may have been
sufficient to differentiate N.W.'s situation from that of Z.A. But because the County failed
investigate whether there were in fact similar occurrences in determining the proper
discipline for A.,
the County failed to offer evidence at hearing to establish such a distinction.
Accordingly, because the County did not meet its burden of proving that the
conduct constituted "unexcused absence in excess of three consecutive workdays," I find
not just cause to terminate Z.A. for violation of 6.06(A) of the collective bargaining
However, the County did not rely exclusively on 6.06(A), but primarily cited
which provides that "the employment relationship shall be broken and terminated if any
fails, without being excused, to return to work after the expiration of an unpaid leave of
As LCC Administrator Luedtke noted in his grievance response to LAW representative
Lasata Work Rules also provide that "failure to return to work on the day after expiration of
will be considered termination of employment."
The County has significant responsibility to the residents of Lasata Care Center and
families to provide attentive, high-quality care. The CNA's are a vital component to the care
residents. Since a full component of CNA's is necessary for the proper delivery of care to
residents, the employer has a legitimate interest in requiring good attendance. And the easiest
to ensure good attendance is by setting clear standards of attendance and establishing the
non-compliance. That is precisely what Section 6.06(C)(1) provides a clear standard
and a clear
A. cannot claim she was not on notice about the importance the employer assigned to
attendance and the risk of discharge for following the course of action she undertook. The
employment sanctions for failing to return to work following expiration of an unpaid leave of
are explicit and unambiguous, stated clearly in both the collective bargaining agreement and
employee handbook. However important her other activity was, A. did exactly what the
bargaining agreement says can get you fired.
The Association also contends that employee Q.W. failed to report for work upon the
expiration of an unpaid leave, and, unlike A., was not disciplined. Certainly, disparate
employees who otherwise are similarly situated is a reason to sustain a grievance over
However, the record of W.'s experience is limited to hearsay and implication, and does not
sufficient information for me to accept the Association's contention of disparate treatment.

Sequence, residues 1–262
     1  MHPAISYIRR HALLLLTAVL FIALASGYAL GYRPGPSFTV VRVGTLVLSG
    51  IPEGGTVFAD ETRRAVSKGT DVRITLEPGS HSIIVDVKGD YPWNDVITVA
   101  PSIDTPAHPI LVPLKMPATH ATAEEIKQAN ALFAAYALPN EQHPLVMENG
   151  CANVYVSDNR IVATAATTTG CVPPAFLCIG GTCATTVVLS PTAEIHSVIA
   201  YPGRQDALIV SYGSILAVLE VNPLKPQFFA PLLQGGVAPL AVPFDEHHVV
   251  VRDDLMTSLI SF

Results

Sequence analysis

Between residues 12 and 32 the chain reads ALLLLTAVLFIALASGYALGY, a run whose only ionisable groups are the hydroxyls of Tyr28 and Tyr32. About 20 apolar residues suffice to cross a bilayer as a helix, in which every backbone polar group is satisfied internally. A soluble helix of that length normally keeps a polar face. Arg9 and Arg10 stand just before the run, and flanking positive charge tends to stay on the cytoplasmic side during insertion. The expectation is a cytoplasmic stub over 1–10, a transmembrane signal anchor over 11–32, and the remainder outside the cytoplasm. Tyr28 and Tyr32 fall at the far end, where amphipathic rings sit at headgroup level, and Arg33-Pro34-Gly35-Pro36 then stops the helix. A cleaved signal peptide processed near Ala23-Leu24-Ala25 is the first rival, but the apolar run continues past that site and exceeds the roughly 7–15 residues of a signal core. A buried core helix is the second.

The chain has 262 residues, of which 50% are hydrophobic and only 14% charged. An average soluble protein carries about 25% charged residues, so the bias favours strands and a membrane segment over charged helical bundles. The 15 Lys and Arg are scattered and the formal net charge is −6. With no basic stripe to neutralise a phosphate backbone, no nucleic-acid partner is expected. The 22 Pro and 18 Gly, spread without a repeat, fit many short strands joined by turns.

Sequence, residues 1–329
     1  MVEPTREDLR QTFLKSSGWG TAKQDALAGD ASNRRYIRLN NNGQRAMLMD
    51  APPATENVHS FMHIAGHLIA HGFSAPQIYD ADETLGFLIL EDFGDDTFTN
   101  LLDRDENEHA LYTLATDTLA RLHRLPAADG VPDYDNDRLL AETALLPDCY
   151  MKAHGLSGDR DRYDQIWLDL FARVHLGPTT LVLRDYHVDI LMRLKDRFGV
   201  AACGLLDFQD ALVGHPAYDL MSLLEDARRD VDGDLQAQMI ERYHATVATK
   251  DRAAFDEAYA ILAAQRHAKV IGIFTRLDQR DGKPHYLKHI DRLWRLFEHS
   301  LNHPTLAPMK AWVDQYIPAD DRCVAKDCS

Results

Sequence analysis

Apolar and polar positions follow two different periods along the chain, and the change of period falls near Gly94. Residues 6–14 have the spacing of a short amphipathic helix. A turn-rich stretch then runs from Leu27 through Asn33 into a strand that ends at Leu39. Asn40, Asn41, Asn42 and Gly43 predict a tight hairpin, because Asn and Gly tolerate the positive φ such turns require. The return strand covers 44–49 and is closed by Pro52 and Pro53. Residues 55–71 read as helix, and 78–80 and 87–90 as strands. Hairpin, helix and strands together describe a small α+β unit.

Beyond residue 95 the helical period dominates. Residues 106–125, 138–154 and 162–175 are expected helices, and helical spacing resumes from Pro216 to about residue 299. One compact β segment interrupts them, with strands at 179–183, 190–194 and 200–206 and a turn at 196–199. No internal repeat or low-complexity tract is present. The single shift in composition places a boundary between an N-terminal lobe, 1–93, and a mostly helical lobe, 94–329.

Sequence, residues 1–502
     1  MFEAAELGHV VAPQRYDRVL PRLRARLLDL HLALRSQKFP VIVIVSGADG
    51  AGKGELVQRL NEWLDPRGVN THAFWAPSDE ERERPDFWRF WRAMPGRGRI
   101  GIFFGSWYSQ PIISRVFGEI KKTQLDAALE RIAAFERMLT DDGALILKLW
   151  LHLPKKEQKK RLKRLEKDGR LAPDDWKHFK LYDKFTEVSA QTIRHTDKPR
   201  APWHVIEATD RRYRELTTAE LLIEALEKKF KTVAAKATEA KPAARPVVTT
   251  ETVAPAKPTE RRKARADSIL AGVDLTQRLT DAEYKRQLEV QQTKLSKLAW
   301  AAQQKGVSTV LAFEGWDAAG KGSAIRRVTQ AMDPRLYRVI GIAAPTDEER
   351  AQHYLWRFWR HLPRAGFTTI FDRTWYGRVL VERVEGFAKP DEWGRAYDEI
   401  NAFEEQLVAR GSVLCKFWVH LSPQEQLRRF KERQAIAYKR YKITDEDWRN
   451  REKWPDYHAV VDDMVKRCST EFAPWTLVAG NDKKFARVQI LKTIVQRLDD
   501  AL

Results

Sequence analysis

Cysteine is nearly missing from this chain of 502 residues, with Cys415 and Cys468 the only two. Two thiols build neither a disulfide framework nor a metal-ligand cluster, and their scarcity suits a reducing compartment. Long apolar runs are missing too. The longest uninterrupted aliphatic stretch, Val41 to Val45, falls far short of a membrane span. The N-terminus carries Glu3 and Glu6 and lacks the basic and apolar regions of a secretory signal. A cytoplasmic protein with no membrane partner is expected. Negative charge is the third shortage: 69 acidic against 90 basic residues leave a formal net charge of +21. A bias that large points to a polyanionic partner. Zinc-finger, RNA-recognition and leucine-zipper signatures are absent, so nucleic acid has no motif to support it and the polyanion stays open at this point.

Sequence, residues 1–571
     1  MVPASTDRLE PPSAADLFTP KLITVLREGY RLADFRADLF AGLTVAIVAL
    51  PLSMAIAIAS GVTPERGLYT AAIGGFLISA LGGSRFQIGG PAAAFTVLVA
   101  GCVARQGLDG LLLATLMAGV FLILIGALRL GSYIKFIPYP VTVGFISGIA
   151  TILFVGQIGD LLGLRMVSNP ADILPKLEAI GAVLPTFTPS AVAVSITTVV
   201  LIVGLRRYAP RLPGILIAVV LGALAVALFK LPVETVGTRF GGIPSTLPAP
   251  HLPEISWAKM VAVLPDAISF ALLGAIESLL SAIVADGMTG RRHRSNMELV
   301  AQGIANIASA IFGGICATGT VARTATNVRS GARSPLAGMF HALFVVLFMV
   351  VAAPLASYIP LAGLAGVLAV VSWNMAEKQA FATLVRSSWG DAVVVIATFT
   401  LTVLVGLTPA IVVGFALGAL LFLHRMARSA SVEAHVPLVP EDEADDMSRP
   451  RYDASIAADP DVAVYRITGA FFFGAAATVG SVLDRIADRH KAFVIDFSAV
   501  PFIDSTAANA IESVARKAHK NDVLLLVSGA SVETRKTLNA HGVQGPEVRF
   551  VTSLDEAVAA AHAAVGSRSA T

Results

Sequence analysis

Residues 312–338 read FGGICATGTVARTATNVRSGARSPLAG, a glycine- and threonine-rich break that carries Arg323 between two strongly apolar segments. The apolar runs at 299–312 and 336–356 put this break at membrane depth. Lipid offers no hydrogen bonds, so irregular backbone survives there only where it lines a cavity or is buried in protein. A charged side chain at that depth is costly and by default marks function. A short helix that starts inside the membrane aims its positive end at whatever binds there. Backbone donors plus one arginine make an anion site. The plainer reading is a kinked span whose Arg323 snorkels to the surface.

One ancillary matter remains unresolved -- the date A. paid for her ticket. A.
paid for the ticket in May, testifying she spent $4,339.50, in cash, on a non-refundable plane
prior to submitting and receiving approval for the extended leave of absence necessary to
accommodate her itinerary. However, she provided no documentation to verify her
its face, the "Passenger Receipt" (Er. Ex. 6) shows a date of issue of June 7, three weeks
length of leave was set.
Regardless of whether A. bought a non-refundable plane ticket before getting her
approved, or after knowing her leave had been denied, the inescapable fact is that A. knew
schedule could not accommodate her travel schedule yet she proceeded anyway.
A. knew she did not have sufficient approved leave to accommodate her itinerary, yet
never contacted either the airline or her travel agent prior to departure to see about
return. Instead, she left the country knowing that the employer was relying on her to work
weekends of July 13-14 and July 27-28, dates that she would be on another continent.
To determine that the collective bargaining agreement supports the County's decision
terminate A. is not to say that this is the outcome the contract required; it was certainly
County's authority to impose a lesser penalty. Indeed, were I the responsible official I might
have chosen a lengthy suspension rather than termination. However, the collective
agreement explicitly states that the employment relationship "shall be broken and terminated"
employee fails to return to work after the expiration of an unpaid leave. This is the standard
parties have mutually determined should govern the workplace. It would be inappropriate in
for me to substitute my standards for those which the parties have bargained.
For those so inclined, the facts of this case reasonably support a stern application of
disciplinary options. The grievant intentionally deceived her employer on a critical
on multiple occasions. She may have had the highest of motherly motives, and perhaps
subterfuge out of fear rather than malice. But given the vital role of certified nursing
in the provision of patient care, the County acted reasonably in casting a stern disposition
an employee committing such a flagrant act. Accordingly, on the basis of the record
collective bargaining agreement and the arguments of the parties, it is my
1. That because the County did not have just cause to terminate the grievant for
dishonesty, the grievance is sustained in part and that charge is stricken from the termination
2. That because the County did not have just cause to terminate the grievant for
unexcused absences in excess of three consecutive workdays, the grievance is sustained as to
alleged violation of 6.06(A) of the collective bargaining agreement.
3. That because the County did have just cause to terminate the grievant for
without being excused, to return to work after the expiration of an unpaid leave of absence,
grievance is denied as to the violation of 6.06(C)1.
Dated at Madison, Wisconsin, this 10th day of November, 2003.